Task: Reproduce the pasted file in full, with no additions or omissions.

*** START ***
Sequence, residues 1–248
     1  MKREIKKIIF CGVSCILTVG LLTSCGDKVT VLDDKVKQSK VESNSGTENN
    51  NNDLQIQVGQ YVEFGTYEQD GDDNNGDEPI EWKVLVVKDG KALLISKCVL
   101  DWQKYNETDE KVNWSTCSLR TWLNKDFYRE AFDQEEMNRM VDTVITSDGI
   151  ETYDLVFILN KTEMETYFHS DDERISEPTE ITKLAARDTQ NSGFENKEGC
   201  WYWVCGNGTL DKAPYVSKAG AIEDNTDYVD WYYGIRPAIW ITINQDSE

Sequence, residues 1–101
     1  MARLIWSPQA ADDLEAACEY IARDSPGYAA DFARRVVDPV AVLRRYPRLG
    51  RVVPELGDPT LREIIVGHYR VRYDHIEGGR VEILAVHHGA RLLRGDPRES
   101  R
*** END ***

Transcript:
Sequence, residues 1–248
     1  MKREIKKIIF CGVSCILTVG LLTSCGDKVT VLDDKVKQSK VESNSGTENN
    51  NNDLQIQVGQ YVEFGTYEQD GDDNNGDEPI EWKVLVVKDG KALLISKCVL
   101  DWQKYNETDE KVNWSTCSLR TWLNKDFYRE AFDQEEMNRM VDTVITSDGI
   151  ETYDLVFILN KTEMETYFHS DDERISEPTE ITKLAARDTQ NSGFENKEGC
   201  WYWVCGNGTL DKAPYVSKAG AIEDNTDYVD WYYGIRPAIW ITINQDSE

Sequence, residues 1–101
     1  MARLIWSPQA ADDLEAACEY IARDSPGYAA DFARRVVDPV AVLRRYPRLG
    51  RVVPELGDPT LREIIVGHYR VRYDHIEGGR VEILAVHHGA RLLRGDPRES
   101  R